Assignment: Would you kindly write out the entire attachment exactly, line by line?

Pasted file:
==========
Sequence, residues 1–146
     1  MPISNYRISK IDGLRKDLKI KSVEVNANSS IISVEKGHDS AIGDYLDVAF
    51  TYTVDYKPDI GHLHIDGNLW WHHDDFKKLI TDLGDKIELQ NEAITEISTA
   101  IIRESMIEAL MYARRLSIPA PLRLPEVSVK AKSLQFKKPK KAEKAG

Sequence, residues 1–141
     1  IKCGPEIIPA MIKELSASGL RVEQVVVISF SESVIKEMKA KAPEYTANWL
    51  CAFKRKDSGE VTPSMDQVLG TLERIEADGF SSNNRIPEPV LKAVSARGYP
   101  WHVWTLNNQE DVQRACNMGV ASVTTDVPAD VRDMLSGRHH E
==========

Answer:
Sequence, residues 1–146
     1  MPISNYRISK IDGLRKDLKI KSVEVNANSS IISVEKGHDS AIGDYLDVAF
    51  TYTVDYKPDI GHLHIDGNLW WHHDDFKKLI TDLGDKIELQ NEAITEISTA
   101  IIRESMIEAL MYARRLSIPA PLRLPEVSVK AKSLQFKKPK KAEKAG

Sequence, residues 1–141
     1  IKCGPEIIPA MIKELSASGL RVEQVVVISF SESVIKEMKA KAPEYTANWL
    51  CAFKRKDSGE VTPSMDQVLG TLERIEADGF SSNNRIPEPV LKAVSARGYP
   101  WHVWTLNNQE DVQRACNMGV ASVTTDVPAD VRDMLSGRHH E